The text alternates between Catherine in the present dealing with her grief, possessiveness and selfishness as she becomes somewhat obsessive over the automata that she and a young assistant, whom she dislikes and distrusts, are working on. Cat is also reading through the ledgers/journals that came packed with the assemblage which gives us the other view. Henry Blanding tells his story set in the 1850s of how he came to a strange little German town and had an even stranger man build his clockwork duck for him. His journal is written to his young son whom he promised this prized possession in hopes that it would make him well, as he is a sickly boy, most likely consumptive. Henry also is not a rather likable fellow. His wife has refused relations with him, denied to care for their son, since their first child, a daughter died the same way. She is loveless to them and Henry is pathetic in his attempts to be all and do all for this cold woman who brings in an artistic crowd to their house to have her portraits painted. Henry is eventually persuaded to leave the house, his search to make the automata his pretence for leaving. While unlike Catherine, Henry does slowly change throughout the book, for the most part he is a weak man, easily taken advantage of, of superior mind of course being an Englishman, and emotionally volatile.
There is more to say, but I shan't go on. The basic plot of the two stories was entertaining to read, the writing naturally superb, and I had no problem getting though the book quickly; I'm sure its short length helped matters though. But I had no connection to any of the characters, not liking them, nor caring what happened to them in the end. Not everyone is sane in this story and it's up to the reader to decide who is or isn't sane. Perhaps they are all off their rockers. The ending does little to satisfy this reader.
5 of 5 people found the following review helpful
on June 25, 2012
Already twice a winner of the prestigious Booker Prize, Peter Carey now offers his readers The Chemistry of Tears, a complexly constructed study of grief and self-identity set in contemporary London. Despite its modern-day setting (2010), however, the novel can also legitimately be called historical fiction as much of its story is lifted directly from the pages of a nineteenth century Englishman's personal diary.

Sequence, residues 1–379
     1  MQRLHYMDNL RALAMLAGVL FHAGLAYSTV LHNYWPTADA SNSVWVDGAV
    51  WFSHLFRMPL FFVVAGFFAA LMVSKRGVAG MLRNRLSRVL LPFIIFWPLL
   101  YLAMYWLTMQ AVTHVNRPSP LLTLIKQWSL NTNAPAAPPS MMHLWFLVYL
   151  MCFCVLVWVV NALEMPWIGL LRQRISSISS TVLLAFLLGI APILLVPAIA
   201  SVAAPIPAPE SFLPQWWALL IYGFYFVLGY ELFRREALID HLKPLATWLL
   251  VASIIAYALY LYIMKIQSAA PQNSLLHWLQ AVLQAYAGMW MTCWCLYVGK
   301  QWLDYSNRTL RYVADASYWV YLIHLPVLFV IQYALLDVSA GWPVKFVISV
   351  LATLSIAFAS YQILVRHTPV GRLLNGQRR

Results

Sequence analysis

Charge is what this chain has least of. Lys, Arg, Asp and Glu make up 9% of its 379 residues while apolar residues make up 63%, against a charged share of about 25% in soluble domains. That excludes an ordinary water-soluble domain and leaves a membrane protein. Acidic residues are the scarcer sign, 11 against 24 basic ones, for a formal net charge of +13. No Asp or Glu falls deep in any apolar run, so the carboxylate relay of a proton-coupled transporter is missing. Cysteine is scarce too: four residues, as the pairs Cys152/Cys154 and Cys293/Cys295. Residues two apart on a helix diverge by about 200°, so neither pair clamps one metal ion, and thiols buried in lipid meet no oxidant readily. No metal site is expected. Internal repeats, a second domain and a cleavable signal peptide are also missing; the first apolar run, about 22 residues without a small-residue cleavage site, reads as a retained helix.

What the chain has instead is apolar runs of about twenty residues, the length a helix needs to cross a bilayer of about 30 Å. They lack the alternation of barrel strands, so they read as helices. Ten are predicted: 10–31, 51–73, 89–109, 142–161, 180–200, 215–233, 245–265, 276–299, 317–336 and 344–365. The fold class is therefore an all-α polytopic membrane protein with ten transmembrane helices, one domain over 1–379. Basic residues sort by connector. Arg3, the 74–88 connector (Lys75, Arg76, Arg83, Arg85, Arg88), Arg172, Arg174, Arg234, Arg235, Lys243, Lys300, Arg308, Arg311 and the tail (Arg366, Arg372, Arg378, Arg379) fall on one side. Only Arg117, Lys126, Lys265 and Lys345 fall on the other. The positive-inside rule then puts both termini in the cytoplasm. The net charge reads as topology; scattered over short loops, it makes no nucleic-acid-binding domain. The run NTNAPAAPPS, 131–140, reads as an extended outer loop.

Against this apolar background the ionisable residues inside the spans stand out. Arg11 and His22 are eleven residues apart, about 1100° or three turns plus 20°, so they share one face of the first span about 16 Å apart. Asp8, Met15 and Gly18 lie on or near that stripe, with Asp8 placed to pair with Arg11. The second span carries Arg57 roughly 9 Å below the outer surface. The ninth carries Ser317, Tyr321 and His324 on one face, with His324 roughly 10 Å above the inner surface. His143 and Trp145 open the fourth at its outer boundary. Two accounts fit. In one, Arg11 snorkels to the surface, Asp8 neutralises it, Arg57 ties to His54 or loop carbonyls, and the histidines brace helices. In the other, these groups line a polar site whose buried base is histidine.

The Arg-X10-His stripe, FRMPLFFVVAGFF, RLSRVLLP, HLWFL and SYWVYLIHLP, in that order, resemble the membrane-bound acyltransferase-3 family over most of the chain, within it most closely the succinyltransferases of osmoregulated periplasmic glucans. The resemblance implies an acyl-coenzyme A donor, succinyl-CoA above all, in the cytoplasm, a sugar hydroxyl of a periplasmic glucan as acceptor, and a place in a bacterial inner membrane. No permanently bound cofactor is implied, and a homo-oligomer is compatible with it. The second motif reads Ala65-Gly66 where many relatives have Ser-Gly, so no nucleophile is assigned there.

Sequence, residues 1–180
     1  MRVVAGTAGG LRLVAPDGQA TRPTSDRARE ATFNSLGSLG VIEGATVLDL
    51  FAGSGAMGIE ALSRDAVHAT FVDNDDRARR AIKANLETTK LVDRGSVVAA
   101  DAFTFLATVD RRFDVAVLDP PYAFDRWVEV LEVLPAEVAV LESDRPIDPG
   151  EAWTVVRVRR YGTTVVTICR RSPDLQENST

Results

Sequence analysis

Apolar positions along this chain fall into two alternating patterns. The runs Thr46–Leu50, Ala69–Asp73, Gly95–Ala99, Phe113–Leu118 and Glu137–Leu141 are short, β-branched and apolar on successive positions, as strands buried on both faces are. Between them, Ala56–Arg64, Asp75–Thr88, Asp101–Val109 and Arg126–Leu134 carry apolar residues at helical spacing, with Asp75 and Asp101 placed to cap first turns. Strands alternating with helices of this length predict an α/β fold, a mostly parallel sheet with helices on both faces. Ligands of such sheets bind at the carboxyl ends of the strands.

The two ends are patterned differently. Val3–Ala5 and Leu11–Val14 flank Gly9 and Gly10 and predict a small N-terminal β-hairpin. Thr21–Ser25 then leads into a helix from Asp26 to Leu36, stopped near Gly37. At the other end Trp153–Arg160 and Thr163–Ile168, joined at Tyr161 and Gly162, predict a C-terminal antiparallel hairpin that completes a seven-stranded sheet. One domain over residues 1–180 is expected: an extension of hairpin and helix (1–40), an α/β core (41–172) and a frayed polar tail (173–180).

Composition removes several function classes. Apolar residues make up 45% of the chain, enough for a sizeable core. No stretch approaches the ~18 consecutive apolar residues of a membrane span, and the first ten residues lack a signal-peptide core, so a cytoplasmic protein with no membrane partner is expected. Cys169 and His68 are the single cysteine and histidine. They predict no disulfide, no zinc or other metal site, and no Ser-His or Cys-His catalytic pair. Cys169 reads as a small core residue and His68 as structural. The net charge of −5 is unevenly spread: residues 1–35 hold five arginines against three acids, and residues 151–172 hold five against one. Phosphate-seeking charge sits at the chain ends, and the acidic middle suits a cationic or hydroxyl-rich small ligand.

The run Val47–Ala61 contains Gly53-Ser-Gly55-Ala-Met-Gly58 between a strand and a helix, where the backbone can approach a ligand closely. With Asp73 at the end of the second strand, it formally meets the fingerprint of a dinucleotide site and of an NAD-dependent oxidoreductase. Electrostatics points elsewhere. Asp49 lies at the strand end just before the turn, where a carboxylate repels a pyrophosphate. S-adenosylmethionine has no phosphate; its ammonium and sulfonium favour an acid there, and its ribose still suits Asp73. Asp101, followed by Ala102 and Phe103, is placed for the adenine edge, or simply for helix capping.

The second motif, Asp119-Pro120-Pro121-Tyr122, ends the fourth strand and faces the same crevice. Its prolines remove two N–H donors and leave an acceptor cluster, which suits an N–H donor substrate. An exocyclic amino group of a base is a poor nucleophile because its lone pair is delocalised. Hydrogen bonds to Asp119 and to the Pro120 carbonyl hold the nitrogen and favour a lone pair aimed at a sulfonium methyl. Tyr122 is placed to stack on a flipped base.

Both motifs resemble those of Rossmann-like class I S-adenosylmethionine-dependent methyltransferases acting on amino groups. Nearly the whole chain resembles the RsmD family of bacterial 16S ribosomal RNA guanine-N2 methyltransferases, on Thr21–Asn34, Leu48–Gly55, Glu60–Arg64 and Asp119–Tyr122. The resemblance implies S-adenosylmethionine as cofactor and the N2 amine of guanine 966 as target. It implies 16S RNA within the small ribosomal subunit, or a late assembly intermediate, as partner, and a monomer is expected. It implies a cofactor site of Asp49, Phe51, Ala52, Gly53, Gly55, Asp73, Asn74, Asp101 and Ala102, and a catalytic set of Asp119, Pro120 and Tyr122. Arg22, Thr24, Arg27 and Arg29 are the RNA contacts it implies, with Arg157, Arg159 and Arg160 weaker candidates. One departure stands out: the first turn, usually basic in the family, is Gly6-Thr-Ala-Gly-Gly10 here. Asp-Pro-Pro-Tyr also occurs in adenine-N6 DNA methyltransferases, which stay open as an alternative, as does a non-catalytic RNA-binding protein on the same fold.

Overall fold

Catherine Gehrig is a conservator at the Swinburne Museum whose thirteen-year affair with a married colleague is still a mostly well-kept secret. As far as she knows, no one at the museum suspects that she and Matthew Tindall, one of the museum's head curators, have a relationship of that sort. Their secret is so successfully kept, in fact, that when Matthew dies suddenly, Catherine is among the last of the museum employees to get the news. Now, her whole world in turmoil, she must pretend that she has not been emotionally crippled by her devastating grief.
Fortunately for Catherine, her boss - the one man who now seems to have been aware of the affair - places her on immediate sick leave before transferring her to a more isolated museum annex to work on the unusual project he has chosen for her. There Catherine finds eight boxes filled with the diagrams and mechanical parts needed to restore and assemble what appears to be a160-year-old duck automation. It is when she discovers a series of notebooks relating to the origin of the automation that Catherine becomes obsessed with her new assignment.
Carey will, from this point, alternate accounts of Catherine's life with pages taken from the notebooks of Henry Brandling, the Englishman who originally commissioned the amazing automation she is working to reconstruct. Brandling, a man completely devoted to his sickly young son, hopes that the boy will be so taken with the mechanical duck that he will somehow find the will to conquer the disease that is slowly killing him. Brandling's willingness to do whatever it takes to keep his son alive brings him to a tiny German village where he falls into the hands of a strange clockmaker who will drive him closer and closer to despair.
The Chemistry of Tears tackles complex human emotions, emotions that probably have to be personally experienced for one to comprehend their full impact on the human psyche. Catherine's entire identity, the person she believed herself to be, was defined by her affair with Matthew Tindall. When Matthew died, the old Catherine Gehrig died with him, and now she is working just as hard to reconstruct a self-identity for herself as she is on rebuilding the antique mechanical duck. Whether or not she can succeed with either project is the question.
The Chemistry of Tears is a moving novel, one that will especially speak to those readers who have suffered a level of grief similar to Catherine's. While it is not a long novel, it does suffer a bit from an overabundance of mysterious side plots pertaining to the tribulations suffered by the automation's original owner. Readers, however, should not be overly discouraged by this because The Chemistry of Tears is well worth the effort required - and each of the side plots contributes to the book's atmosphere or depth of the Henry Brandling character.